President Obama gave an obligatory sentence or two to religious freedom during his State of the Union address Tuesday. It wasn’t nearly enough.
He deplored the “anti-Semitism that has resurfaced in certain parts of the world.” He criticized the “offensive stereotypes of Muslims — the vast majority of whom share our commitment to peace.” And he quoted the Pope, although in a context that had less to do with religious freedom than with diplomacy.
Altogether, these took two paragraphs in a long speech, and they were capped by the first-ever condemnation of transgender discrimination in a State of the Union, which grabbed all the media attention.
Also, it was all wrapped in the unconvincing message that things are going well in foreign arenas.
In truth, religious intolerance and persecution is an
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enormous threat to the United States and other Western nations, just as it is ravaging the Middle East and parts of Africa. It deserves to be Washington’s highest priority.
One of the president’s most important moves during 2014 was the appointment of a new ambassador at-large for religious freedom. And while Rabbi David Saperstein’s politics may have given some people concern in Washington, his appointment and Senate confirmation sent a message to the world that the U.S. still considers religious freedom to be important.
However, it’s fair to ask where Saperstein has been lately. True, he was confirmed barely one month ago, but he could be seeking to grab the spotlight on a number of important issues, not the least of which was the deadly terrorist attack on the French magazine Charlie Hebdo.
As many pundits have correctly noted, this attack was indeed a challenge to the notion of the freedoms of speech and the press. However, it also was a symptom of the profound rejection of religious freedom by its extremist perpetrators. And that rejection is disturbingly reinforced by the official policies of some of the United States’ important allies. Perhaps chief among these is Pakistan.
Pakistan is in the spotlight right now because a Christian woman, Asia Bibi, has been sentenced to death for the crime of blasphemy. In 2009, she got into a dispute with a Muslim woman over whether she was worthy to carry a water bowl. Allegedly, she insulted the prophet Mohammed during this altercation. That was enough for a court to sentence her to die.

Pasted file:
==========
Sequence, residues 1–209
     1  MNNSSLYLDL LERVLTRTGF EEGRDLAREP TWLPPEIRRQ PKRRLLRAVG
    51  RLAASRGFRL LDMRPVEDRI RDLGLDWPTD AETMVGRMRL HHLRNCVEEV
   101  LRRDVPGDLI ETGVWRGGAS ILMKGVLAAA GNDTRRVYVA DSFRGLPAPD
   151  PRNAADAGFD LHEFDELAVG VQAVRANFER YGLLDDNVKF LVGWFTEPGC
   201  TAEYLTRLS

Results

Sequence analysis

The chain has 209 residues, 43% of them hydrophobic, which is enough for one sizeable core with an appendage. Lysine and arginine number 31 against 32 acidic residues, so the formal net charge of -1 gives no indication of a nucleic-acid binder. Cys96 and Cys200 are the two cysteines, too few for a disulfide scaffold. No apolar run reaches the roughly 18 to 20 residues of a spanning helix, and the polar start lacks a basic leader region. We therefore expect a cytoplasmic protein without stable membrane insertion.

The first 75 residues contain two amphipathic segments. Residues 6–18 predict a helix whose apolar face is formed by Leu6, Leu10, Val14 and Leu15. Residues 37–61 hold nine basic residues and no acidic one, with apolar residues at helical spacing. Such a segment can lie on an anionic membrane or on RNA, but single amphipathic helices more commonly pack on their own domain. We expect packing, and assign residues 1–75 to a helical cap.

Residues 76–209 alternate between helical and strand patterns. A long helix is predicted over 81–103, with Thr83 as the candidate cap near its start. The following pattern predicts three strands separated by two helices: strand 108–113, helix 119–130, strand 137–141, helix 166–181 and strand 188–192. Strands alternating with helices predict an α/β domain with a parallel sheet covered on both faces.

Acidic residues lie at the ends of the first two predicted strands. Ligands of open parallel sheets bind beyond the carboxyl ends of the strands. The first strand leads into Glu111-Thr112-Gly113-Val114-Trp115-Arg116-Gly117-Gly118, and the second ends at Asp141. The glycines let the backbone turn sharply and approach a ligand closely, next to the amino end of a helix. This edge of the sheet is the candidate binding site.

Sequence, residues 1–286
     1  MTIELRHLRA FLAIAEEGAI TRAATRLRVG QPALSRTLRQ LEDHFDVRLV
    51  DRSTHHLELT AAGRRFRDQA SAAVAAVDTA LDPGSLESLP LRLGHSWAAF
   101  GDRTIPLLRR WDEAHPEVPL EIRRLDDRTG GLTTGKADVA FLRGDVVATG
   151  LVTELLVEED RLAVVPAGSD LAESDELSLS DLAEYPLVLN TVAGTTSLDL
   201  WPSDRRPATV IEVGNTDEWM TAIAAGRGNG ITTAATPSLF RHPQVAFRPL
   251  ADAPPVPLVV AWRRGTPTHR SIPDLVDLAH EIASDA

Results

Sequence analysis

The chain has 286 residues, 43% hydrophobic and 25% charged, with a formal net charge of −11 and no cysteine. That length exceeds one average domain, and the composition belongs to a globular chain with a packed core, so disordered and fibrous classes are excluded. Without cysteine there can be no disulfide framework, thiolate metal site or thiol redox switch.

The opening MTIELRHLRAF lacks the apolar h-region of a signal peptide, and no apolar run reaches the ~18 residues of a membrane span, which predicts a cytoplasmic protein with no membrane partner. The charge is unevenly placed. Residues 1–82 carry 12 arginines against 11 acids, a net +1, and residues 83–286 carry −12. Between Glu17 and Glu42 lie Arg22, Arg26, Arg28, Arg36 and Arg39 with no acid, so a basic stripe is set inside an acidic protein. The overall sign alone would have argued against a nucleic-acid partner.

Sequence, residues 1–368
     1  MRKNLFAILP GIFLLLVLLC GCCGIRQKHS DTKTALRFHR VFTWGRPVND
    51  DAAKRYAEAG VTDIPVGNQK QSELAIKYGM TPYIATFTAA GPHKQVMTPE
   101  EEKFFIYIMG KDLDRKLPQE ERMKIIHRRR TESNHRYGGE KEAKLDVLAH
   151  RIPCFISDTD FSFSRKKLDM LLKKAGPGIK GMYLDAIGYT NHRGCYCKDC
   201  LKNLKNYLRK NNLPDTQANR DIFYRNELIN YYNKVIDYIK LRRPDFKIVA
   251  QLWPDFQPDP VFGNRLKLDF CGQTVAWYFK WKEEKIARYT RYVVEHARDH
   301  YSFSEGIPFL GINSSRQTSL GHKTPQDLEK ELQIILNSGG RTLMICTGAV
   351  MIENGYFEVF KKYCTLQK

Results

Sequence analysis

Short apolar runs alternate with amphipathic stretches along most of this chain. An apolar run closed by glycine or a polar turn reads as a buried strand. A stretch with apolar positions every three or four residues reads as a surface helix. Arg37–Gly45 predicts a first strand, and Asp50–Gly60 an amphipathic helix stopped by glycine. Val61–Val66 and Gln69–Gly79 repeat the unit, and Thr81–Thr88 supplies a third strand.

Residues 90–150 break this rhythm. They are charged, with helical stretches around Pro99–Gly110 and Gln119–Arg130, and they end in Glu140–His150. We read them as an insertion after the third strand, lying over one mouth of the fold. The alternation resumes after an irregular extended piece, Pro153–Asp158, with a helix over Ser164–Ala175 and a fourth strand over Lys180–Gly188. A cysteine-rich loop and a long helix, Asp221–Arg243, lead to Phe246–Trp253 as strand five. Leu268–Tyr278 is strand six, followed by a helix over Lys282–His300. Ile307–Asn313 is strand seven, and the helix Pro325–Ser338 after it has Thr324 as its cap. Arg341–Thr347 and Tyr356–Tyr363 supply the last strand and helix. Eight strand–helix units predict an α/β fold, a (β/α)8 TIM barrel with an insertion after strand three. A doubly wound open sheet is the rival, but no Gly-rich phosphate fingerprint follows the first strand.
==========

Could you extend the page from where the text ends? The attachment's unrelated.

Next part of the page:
While she waits on death row, her “crime” has continued to ripple deadly consequences. In 2011, Pakistan’s minister for minority affairs, also a Christian, was murdered by the Taliban in Islamabad for speaking out publicly against Bibi’s sentence. Also that year, the governor of the eastern province of Punjab was similarly murdered for showing sympathy for her.
Pakistan is one of several nations identified by the United States Commission on International Religious Freedom as a place where religious persecution is “systematic, ongoing and egregious.” Bibi’s case is just one example of rampant crimes in the region, particularly against Christians. A watch list published by the Christian non-profit group Open Doors USA said more Christians lived in fear of their lives in 2014 than at any time in memory.
The Commission on International Religious Freedom’s annual report urges the president, secretary of state and members of Congress to demonstrate “continuous, high-level interest” concerning religious freedom, and to develop a strategy.
Unfortunately, during a recent trip to Pakistan, Secretary of State John Kerry did not raise concerns about Bibi, blasphemy laws or any other matters of religious persecution. A report on dailysignal.com said he instead focused on the fight against terrorism.
However, that fight cannot be won decisively until troubled nations begin to understand and honor fundamental notions of religious liberty.
As the religious freedom commission’s annual report said, this freedom “enables people to follow what their conscience dictates. … People are entitled to religious freedom by virtue of their humanity.”
It would have been nice to hear similar words from the president on Tuesday, but it is essential for the United States to make such statements an ongoing and persistent priority in its dealings with foreign leaders. As France has seen, this intolerance does not confine itself abroad.